My Flex Life: Ben Akers

March 11, 2024
4 min read

Ben Akers is a creative, writer, filmmaker, creative director, problem solver, and the CEO of a charity he didn’t mean to start.

In this instalment of our Flex Life series, we speak to him about how he got to where he is today, what motivates him, and the work he loves.

When did you start freelancing for sustainability?

In all honesty? I wanted to do something that wasn’t mental health related. I’m the co-CEO of a charity that I didn't mean to start, and I could work 7 days a week for that if I wanted to. But I need to do something creative away from that for my own sanity. I’ve worked for over a decade in sustainability and ideas for good, so it’s lovely to do just ideas again without all the other pressures. 

Where do you work right now?

Talk Club - a male mental fitness charity, based in Bristol. Founded in 2019 (and gaining charity status in 2021), I started it after the suicide of my childhood best friend. I made a documentary called “Steve”, and then we’ve grown it from one talking group in the back of a pub, to over 80 groups around the globe. We have created a non-alcoholic beer (called Clearhead) and a coffee, and we boast Liam Gallagher and Tyson Fury, among others, as patrons. 

What issues are you most fired up about tackling?

I love solving problems - big, small, complicated. Creativity can be the answer. In my career I’ve worked on most things in purpose driven and sustainability.

From looking at big things like the environment to social injustice, to what I do now, stopping men killing themselves.

So, when it comes to what do I want to tackle? All of it. If we can change behaviour, educate, and make the planet a better place to live on, I’m in. 

How are you using your strengths and skills to change the world?

I’m 48 and I know nothing. I’m also 48 with 27 years of experience working across multiple continents and mediums. I’ve been recognised by my peers, winning over 70 national and international awards and having over 100,000 people watch my TED Talk. I’ve had prime ministers talk about my work, I’ve had 6-year-olds talk about my work.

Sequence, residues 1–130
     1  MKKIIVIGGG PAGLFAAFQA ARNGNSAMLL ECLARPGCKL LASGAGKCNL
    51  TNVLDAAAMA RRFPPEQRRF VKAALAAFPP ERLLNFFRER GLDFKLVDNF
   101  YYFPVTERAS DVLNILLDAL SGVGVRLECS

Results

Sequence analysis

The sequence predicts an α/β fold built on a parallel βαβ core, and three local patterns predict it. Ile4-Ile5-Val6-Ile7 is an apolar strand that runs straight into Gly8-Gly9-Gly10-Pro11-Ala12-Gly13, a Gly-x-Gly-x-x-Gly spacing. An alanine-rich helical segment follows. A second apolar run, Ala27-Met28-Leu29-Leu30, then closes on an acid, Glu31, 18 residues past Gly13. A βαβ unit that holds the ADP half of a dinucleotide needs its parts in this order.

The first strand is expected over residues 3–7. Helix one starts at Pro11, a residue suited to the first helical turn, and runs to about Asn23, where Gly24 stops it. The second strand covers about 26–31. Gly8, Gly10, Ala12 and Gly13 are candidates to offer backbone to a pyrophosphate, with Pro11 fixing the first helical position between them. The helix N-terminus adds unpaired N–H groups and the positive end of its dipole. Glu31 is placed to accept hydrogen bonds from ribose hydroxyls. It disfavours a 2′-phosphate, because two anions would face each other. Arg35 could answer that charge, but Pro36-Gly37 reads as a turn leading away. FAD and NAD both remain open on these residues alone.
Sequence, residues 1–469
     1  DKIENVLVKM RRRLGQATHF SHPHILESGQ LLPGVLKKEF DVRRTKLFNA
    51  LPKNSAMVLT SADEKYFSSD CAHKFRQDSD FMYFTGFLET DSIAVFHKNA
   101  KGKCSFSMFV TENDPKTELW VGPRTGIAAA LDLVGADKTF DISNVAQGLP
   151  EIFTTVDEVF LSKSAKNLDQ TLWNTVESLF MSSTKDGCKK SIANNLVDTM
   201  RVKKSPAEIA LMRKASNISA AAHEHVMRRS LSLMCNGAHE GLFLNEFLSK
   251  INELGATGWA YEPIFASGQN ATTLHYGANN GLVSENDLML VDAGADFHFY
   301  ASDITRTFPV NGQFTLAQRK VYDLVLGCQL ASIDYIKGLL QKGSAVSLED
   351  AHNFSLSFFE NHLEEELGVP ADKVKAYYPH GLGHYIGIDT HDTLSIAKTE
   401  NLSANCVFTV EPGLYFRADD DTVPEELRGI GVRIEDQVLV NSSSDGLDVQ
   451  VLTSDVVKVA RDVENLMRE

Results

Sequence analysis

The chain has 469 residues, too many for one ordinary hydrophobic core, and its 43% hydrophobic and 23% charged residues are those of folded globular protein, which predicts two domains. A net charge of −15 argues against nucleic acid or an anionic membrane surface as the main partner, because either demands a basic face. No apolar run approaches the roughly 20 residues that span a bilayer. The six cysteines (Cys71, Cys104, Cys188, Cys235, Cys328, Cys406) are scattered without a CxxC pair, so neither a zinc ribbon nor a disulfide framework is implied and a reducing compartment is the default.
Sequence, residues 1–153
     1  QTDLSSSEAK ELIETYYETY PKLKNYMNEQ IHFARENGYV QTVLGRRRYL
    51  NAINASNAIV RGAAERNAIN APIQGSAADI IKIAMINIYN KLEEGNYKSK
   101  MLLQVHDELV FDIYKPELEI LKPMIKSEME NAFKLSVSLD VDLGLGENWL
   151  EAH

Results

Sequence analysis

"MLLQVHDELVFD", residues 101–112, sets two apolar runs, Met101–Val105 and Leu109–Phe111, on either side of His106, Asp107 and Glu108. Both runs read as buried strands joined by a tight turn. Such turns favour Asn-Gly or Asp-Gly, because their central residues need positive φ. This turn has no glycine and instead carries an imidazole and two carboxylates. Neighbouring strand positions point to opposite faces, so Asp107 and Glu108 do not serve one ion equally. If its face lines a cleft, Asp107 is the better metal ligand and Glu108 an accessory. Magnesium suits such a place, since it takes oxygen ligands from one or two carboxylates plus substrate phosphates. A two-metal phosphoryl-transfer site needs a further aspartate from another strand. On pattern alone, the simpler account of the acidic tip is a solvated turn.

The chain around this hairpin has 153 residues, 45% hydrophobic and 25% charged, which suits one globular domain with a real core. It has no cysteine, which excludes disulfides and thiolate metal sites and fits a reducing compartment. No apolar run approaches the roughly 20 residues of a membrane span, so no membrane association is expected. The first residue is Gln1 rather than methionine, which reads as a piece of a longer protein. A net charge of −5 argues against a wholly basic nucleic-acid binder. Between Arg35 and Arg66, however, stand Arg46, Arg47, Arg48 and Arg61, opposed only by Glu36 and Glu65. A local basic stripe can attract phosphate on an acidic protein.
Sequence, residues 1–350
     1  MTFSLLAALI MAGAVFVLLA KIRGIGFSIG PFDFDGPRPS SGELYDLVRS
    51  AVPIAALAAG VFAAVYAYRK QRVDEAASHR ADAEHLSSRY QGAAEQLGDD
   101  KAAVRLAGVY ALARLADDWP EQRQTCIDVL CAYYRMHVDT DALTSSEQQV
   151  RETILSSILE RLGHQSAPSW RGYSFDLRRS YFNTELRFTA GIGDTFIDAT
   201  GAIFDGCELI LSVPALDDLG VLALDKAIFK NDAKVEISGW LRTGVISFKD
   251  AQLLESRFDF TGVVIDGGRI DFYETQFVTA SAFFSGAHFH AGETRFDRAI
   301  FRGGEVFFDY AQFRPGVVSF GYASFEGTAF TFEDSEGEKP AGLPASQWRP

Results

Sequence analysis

But I see my strength and skill is that I have a relentless enthusiasm to learn and solve the problem. Be it with film, or writing on a leaf.

What brings you the most joy when it comes to having a flexible career?

I left the full-time comms world, because I simply wanted to walk my daughter to school. 

My dad never got to walk me to school. My colleagues in my early career in ‘big advertising’ never walked their kids to school. I vowed to be different. It can be an all-consuming career. It can make demands of you that are unsustainable. I think the balance is getting better, but you have to take control. You have to work with people who have the same understanding as you. I now have 3 kids. I walk all of them to school (and pick them up a lot). It’s only half an hour in my day - but it’s far bigger than that. These are moments that many fathers miss. So, balance is what I enjoy the most from having a flexible career.

What's the biggest challenge when it comes to freelancing in sustainability?

Big question. Finding the right projects. Finding the right terms. I work fast and I enjoy solving problems. That’s actually why I love The Now Work team. I get contacted a lot independently about “my availability.” The truth is I’m always busy. I fill my time. But I’m also really available. And The Now Work comes to me with all the admin work done and I can just get on with the stuff I like or am good at - the ideas.

Is there a project that you’re most proud of?

I’ll be honest, there are loads. The Hot Potato for ASRC - taking on the asylum seekers debate in Australia. Clearhead for Talk Club. Talk Club itself. My documentaries, “Steve”, “OurKidsOurLives”, “Slowing Down Fast Fashion”. Taking on Coca Cola for Greenpeace. Maybe you can visit my website and let me know what you think I should be proud of?

What’s your advice to someone who’s thinking of taking the plunge into freelance or freelancers just starting out?

What makes you happy? Freelancing can get you there. It can be unpredictable. It can be inconsistent. However, as more and more companies are looking for different voices, you can be that voice. Play to your strengths. Work out what you enjoy doing - what makes you happy - and then concentrate on that. I know what I’m good at. But I’m also really aware of things I’m less good at. And if I know someone who can do it better than me, I pass and give their details instead, as I know that honesty (and generosity) will come back around someday.

Subscribe to our newsletter

Get the latest news, views and perspectives on sustainability and the future of work